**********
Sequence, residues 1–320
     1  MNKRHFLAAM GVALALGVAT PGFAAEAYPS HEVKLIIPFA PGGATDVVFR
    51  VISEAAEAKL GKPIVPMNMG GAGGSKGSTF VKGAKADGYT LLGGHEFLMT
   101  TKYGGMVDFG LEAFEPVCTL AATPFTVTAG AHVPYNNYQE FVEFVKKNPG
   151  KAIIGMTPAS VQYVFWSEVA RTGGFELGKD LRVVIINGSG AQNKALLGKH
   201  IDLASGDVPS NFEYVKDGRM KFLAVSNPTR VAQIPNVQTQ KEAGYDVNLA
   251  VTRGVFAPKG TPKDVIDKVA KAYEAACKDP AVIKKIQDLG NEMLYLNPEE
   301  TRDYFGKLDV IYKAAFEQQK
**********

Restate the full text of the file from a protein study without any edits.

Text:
Sequence, residues 1–320
     1  MNKRHFLAAM GVALALGVAT PGFAAEAYPS HEVKLIIPFA PGGATDVVFR
    51  VISEAAEAKL GKPIVPMNMG GAGGSKGSTF VKGAKADGYT LLGGHEFLMT
   101  TKYGGMVDFG LEAFEPVCTL AATPFTVTAG AHVPYNNYQE FVEFVKKNPG
   151  KAIIGMTPAS VQYVFWSEVA RTGGFELGKD LRVVIINGSG AQNKALLGKH
   201  IDLASGDVPS NFEYVKDGRM KFLAVSNPTR VAQIPNVQTQ KEAGYDVNLA
   251  VTRGVFAPKG TPKDVIDKVA KAYEAACKDP AVIKKIQDLG NEMLYLNPEE
   301  TRDYFGKLDV IYKAAFEQQK